The following is an interview with R. B. Parkinson, author of A Little Gay History: Desire and Diversity Across the World. For more on the book, you can also read Parkinson’s blog post, Same-Sex Desire in the British Museum or read the introduction:
Question: Being at the British Museum you have access to a wide range of objects, works of art, etc. What are we able to understand about Gay history through objects and art works that might not come through via a more traditional history? How does this perspective change or build upon other histories of gay and lesbian life and culture?
R. B. Parkinson: The British Museum is very much a museum of the whole world for the whole world, and most monographs on gay history concentrate on specific periods and cultures, but we wanted to show that LGBT history is a world history (and we wanted to make it accessible to the widest possible range of readers, just as the Museum is free to all visitors). I enjoy working with objects because they encourage you to be practical and think in material terms. All too often history is about grand abstract narratives which I find rather dehumanising, so I prefer to think in specific terms, about a particular object, a particular person feeling this or that in a particular time and place—such as Michelangelo drawing his sketch in Rome in 1533, concerned about what the handsome young Tommaso dei Cavalieri would think of it, that sort of thing. That wonderful drawing—as an object gives you a “touch of the real”.
Q: What do these works and objects reveal about changing ideas about concepts or categories such as gay as well as shifting attitudes toward homosexuality
RBP: I think I was surprised at how varied the different views of desire were in different cultures across history. So for me, one basic message is that everything is culturally constructed. Even an erection is a cultural construct: who would imagine that a drawing of oral masturbation could be a religious icon in another culture? These sorts of differences warn us against assuming that any single culture has a uniquely privileged interpretation of reality, which is always a useful lesson.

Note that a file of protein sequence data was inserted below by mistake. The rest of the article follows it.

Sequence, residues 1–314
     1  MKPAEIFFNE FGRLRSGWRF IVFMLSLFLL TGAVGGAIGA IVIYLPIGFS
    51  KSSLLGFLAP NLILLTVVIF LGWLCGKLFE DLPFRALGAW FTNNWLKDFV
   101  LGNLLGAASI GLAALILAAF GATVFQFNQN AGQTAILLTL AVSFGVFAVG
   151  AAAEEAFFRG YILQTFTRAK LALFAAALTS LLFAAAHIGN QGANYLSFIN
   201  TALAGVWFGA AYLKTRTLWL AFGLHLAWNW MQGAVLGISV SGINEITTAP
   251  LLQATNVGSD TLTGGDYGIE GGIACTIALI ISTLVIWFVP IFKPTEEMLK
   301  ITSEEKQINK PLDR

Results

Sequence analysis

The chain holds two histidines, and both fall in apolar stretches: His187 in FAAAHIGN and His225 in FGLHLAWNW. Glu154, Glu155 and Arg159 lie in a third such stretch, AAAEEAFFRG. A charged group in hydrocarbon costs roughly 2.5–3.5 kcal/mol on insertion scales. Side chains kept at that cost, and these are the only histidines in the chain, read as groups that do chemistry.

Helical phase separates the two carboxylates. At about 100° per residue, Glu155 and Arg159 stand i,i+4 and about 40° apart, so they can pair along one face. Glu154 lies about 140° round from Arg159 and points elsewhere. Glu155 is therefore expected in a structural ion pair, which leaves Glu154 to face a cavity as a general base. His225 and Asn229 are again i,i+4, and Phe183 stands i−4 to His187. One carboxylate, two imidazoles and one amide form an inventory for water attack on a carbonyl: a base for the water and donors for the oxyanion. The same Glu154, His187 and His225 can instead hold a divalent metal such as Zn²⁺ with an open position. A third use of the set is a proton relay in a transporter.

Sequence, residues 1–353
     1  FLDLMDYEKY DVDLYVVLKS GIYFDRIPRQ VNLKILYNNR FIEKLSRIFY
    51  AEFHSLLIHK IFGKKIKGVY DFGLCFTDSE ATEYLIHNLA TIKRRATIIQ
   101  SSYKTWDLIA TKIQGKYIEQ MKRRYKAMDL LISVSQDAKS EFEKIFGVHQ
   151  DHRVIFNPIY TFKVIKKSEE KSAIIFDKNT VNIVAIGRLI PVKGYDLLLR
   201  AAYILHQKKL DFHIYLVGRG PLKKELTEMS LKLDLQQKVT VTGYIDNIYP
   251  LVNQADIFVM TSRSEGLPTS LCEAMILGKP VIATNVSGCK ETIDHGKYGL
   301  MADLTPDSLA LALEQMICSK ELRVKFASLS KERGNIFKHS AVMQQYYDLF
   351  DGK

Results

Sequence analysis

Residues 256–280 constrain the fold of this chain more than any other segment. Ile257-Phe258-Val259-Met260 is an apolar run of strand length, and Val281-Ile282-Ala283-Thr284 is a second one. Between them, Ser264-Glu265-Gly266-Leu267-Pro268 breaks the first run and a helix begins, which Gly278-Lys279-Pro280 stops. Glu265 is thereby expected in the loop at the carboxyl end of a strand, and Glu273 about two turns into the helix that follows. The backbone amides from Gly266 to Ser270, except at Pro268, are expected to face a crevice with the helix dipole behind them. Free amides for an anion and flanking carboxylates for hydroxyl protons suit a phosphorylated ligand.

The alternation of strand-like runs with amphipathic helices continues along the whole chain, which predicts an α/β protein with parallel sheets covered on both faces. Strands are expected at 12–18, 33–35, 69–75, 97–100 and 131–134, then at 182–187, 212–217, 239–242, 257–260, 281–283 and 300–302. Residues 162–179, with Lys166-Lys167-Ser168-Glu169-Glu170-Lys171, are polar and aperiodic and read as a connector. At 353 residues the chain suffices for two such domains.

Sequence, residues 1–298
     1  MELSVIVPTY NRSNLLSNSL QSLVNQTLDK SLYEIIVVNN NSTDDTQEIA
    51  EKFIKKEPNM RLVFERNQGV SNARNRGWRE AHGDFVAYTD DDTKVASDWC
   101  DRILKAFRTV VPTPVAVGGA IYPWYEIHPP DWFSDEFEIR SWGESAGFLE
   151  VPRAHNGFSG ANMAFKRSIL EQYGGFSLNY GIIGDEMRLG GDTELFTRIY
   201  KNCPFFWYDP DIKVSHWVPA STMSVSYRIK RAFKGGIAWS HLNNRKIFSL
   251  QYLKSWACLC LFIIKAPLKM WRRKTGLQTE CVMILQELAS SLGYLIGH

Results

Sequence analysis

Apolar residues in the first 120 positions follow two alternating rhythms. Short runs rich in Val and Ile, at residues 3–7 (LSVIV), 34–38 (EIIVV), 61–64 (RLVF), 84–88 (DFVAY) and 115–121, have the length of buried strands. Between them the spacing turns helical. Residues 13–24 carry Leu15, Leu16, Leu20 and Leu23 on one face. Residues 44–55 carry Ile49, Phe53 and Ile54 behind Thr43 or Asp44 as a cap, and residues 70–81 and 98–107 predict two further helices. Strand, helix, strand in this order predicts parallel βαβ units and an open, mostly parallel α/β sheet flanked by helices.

Q: What was the selection process for the objects or works you decided to focus on? Were there particular characteristics, either aesthetic or historical, that you were looking for? Did you try to find a balance between more explicit vs. more coded representations?
RBP: I wanted to find objects that were interesting in themselves but also represented an aspect of their culture, that could provide a glimpse of a specific history and also form part of a general history of LGBT desire. Inevitably some cultures, such as Edo-period Japan, provided more evidence than others, partly due to the values of that culture, partly due to the chances of preservation, and partly due to the history of collecting. In the end, we settled on around 40 objects from a range of continents, chosen with the guidance of specialist colleagues. And since the book was conceived as a visual survey, the objects had to work visually as well, although sometimes I admit we added a second image to liven up an interesting but rather unappealing looking main object. The book had to be written in 6 months, without any dedicated research time for the project, so the selection process had to be quite quick. I felt we had to choose objects that were indisputably relevant to LGBT history: I think any controversies about our interpretation of an object might have distracted from the overall aims of the project, so we were quite cautious. We present a range of the different sorts of data that we have for such a history: so some are very explicit sexual scenes and some are instead purely about romance; some are very direct sources and others, like the Pakistani quilt, are rather indirect. In short, I wanted to present a representative picture (to use a phrase from Marguerite Yourcenar) of the variety of the world.